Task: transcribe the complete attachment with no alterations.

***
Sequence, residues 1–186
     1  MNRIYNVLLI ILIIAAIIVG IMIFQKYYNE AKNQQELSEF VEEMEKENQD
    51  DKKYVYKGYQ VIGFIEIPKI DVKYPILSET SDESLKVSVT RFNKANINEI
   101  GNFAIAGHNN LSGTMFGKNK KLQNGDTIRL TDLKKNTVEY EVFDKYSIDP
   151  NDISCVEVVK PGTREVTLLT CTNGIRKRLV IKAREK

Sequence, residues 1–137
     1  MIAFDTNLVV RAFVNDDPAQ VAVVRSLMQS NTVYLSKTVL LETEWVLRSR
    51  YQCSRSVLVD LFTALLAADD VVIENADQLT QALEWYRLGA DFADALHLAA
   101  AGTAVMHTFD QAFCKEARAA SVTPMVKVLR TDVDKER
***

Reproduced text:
Sequence, residues 1–186
     1  MNRIYNVLLI ILIIAAIIVG IMIFQKYYNE AKNQQELSEF VEEMEKENQD
    51  DKKYVYKGYQ VIGFIEIPKI DVKYPILSET SDESLKVSVT RFNKANINEI
   101  GNFAIAGHNN LSGTMFGKNK KLQNGDTIRL TDLKKNTVEY EVFDKYSIDP
   151  NDISCVEVVK PGTREVTLLT CTNGIRKRLV IKAREK

Sequence, residues 1–137
     1  MIAFDTNLVV RAFVNDDPAQ VAVVRSLMQS NTVYLSKTVL LETEWVLRSR
    51  YQCSRSVLVD LFTALLAADD VVIENADQLT QALEWYRLGA DFADALHLAA
   101  AGTAVMHTFD QAFCKEARAA SVTPMVKVLR TDVDKER